But importantly, the brand specification will also include a definition of brand values and brand personality.
Intel - brand valued at USD$39.5 billion
Consistency is crucial
Strict adherence to a brand specification is the foundation of building a great brand. The key components of a brand specification are...
- Logo and visual standards: the logo is the visual identification that brands a company or product.
- Brand values: are the principals the brand stands for
- Brand personality: marketers use a short statement to define the brand's personality.
All public facing manifestations of the brand must be calibrated with reference to the brand specification. In this way a consistent image is projected.
In practical marketing there are three main reasons for doing this...
Marketers think of brands like people. People who behave consistently and adhere to principles are naturally thought of as trust worthy. This should not be misconstrued with "boring". The brand values might be "Exciting", Outgoing", "Adventurous" or even "Quirky" - that's fine, as long as the brand consistently behaves that way. And this would apply to the creative strategy used in advertising, the copy writing style, art direction and even the types of events the brand might sponsor.
Red Bull is a classic example of a brand where "action", "excitement" and "energy" are core brand values. Hence, they are major sponsors of action sports and not (say) Opera or theater.
The human brain is optimised for building connections. Topics that have many connections are more easily recalled. A key connection is colour. Researchers ballpark the number of colours we can distinguish at around a million. Hence, marketers specify very particular colours for logos and associated visual elements and apply them with great consistency. Consistency applies across the whole range of the brand specification. Many brand specifications even specify the tone of voice to be used in copy writing and even specify key words or phrases that should be used in every communication.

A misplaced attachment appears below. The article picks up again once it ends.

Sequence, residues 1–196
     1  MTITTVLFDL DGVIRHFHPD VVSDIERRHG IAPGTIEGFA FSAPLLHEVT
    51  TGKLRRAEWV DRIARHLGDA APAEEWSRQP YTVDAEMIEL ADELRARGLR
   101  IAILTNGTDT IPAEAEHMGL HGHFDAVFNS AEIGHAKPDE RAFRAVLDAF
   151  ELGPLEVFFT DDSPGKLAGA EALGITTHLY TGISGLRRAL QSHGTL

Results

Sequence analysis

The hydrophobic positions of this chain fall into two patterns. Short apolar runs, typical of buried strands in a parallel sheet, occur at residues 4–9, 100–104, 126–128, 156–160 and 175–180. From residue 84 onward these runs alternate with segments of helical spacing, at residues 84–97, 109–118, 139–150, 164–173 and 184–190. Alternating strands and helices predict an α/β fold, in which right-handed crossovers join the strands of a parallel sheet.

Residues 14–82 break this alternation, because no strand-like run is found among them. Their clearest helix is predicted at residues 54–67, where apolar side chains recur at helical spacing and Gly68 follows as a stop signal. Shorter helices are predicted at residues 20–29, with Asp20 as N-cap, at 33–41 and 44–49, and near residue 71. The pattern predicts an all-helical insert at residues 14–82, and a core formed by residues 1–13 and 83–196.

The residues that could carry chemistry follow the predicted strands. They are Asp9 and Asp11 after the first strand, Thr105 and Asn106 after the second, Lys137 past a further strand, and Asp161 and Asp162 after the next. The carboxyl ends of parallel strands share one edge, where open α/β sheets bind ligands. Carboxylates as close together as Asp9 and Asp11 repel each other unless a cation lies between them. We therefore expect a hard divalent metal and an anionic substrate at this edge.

The brand specification provides a starting point for the development of all marketing strategies and the development of marketing communications. It specifies everything, thus pricing decisions become clearer, distribution strategies, product and promotions all must support the building of the brand. So, while the initial work developing the brand specification can be very costly, the implementation becomes more cost effective.
Simple things like designing business cards or designing building signage is straight forward (and are usually specified in the brand style guide).
Yes but, isn't it boring?
There is a brand vandal in everyone just waiting to be released along with our inner creativity.
Thus, we see sales people creating brochures "our sales brochures have become boring, they all look the same" and come-up with something completely different and usually shocking. New colours are added, different type fonts (thank you Microsoft Office) and Power Point presentations with hideous scrolls and clip art.
The flaw in this thinking is to assume the target market are similarly bored. Just because within our corporate lives we are saturated with the tireless and never ending exposure to the brand graphics and have become "bored", that doesn't mean the customer has.
Further, people have personal preferences and their own ideas about colours and design. Given the opportunity to create or influence the way communications are created provides the individual with the opportunity to inject their own preferences and ideas. This is not good practice and is one of the biggest mistakes.
Perhaps one of the most iconic logos in Australia today.
When it was first launched it was met with derision "my kid could have designed that!"
However, the genius of logo design is coming-up with a mark that is simple, memorable and distinctive.
And applying it consistently.